✈ Every strike of the hammer is a blow against the enemy. ✈
User currently offlineltbewr From United States of America, joined Jan 2004, 12880 posts, RR: 12
Reply 13, posted (3 years 3 months 3 weeks 4 days 10 hours ago) and read 8939 times:

The biggest problem short term we do have to worry about is a run up in base oil prices, especially due to the combination of peak oil and greater demand from China and other countries. That could mean in the next year of $4-5/gallon fuel prices in the USA and over $10 in Europe with major economic dislocations in the world including a major collapse in demand for air flights as they become unaffordable. As to airlines, that would perhaps a return to government owned airlines with limited service.

User currently offlineordjoe From United States of America, joined Aug 2010, 658 posts, RR: 0
Reply 14, posted (3 years 3 months 3 weeks 4 days 6 hours ago) and read 7974 times:

As an Engineer myself, here are some facts. Ethanol, biodiesel and the like have a dirty secret of being energy negative (Ie you consume more energy than you get out of the molecules of ethanol or biodiesel esters) and wind, solar and other alternatives are still maturing technologies not yet ready for large scale production (the other dirty secret of hydro power it destroys the ecosystem of the river) Using used grease to power a diesel car, works in the hot climates of the UAE, but cant be done in even temperate climates. And as I side note, I am all in favor of developing alternative energies for a number of reasons, and the sight of people in the huge SUV when just driving around the suburbs annoys me. And as a side note, the US government earmarks billions for alternative energy research. And a huge myth out there is the USA has no oil. We have tons of it, some estimates think we might have more than Saudi Arabia. It is our regulatory environment that makes it prohibitive to drill for it. Obama placed a moratorium on offshore drilling while China is drill off Cuba and only 200-300km from the major city of Miami.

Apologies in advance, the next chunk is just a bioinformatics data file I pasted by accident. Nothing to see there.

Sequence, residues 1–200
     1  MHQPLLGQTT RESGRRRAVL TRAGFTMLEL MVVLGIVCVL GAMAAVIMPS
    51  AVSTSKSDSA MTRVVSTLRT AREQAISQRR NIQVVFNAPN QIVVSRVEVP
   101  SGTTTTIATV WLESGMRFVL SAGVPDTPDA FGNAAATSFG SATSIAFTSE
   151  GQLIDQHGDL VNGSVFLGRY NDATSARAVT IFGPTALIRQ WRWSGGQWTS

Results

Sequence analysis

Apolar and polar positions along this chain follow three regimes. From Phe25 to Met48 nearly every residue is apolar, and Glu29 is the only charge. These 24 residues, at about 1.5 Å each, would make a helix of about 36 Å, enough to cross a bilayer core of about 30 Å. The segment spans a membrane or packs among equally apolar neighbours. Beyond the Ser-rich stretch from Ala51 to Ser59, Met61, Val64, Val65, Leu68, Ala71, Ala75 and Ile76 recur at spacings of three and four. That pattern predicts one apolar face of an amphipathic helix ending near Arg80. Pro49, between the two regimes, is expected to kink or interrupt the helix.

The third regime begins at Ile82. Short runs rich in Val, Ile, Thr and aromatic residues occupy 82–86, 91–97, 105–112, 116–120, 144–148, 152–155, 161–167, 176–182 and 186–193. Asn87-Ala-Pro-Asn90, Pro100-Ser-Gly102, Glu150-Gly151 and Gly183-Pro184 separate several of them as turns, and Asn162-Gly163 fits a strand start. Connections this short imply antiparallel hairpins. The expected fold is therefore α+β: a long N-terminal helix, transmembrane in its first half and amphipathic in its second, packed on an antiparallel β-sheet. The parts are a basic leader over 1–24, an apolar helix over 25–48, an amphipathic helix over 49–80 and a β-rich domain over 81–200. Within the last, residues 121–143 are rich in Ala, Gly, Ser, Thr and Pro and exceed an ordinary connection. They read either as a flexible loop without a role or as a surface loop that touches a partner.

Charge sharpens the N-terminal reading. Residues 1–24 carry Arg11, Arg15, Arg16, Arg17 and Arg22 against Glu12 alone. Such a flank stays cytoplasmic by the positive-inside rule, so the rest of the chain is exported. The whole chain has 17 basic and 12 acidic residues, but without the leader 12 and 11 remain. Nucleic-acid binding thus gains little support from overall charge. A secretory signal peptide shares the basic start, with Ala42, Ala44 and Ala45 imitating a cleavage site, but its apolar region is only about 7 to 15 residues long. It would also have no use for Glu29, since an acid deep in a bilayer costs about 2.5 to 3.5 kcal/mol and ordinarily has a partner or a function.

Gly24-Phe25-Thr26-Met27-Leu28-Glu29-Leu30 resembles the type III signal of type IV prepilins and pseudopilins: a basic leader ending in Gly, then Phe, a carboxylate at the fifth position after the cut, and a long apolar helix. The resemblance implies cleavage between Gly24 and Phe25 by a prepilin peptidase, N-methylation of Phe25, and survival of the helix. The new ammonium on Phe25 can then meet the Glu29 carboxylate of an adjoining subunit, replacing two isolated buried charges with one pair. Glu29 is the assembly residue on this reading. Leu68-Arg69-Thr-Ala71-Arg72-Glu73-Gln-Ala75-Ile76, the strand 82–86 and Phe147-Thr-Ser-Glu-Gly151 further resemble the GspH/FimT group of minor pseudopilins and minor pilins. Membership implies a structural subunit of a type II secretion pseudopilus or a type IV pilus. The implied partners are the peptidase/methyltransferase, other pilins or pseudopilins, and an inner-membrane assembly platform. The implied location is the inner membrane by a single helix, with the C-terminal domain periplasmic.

Enough ranting to the issue at hand. The problem why oil does not skyrocket of long periods of time is it will create demand pressures and will eventually readjust, remember how oil went from ~145/barrel-~40 a barrel so quickly. In this economic apocalypse I think you see more of a "communal" economy, ie individual towns become their own self sustaining economic entities, and probably a return to more agrarian based economy and return of the barter system. The rich would make it through this better, although there would be plenty of newly poor. Ultimately there still would be air travel in one form or another, LHR, JFK, ORD, SIN, HKG.... would be desolate but would still have aircraft movements.

Remember necessity is the ultimate fuel for innovation, barring something on the level of a nuclear holocaust, new age black plague or something on that level, I think you would see radically redesigned transportation methods.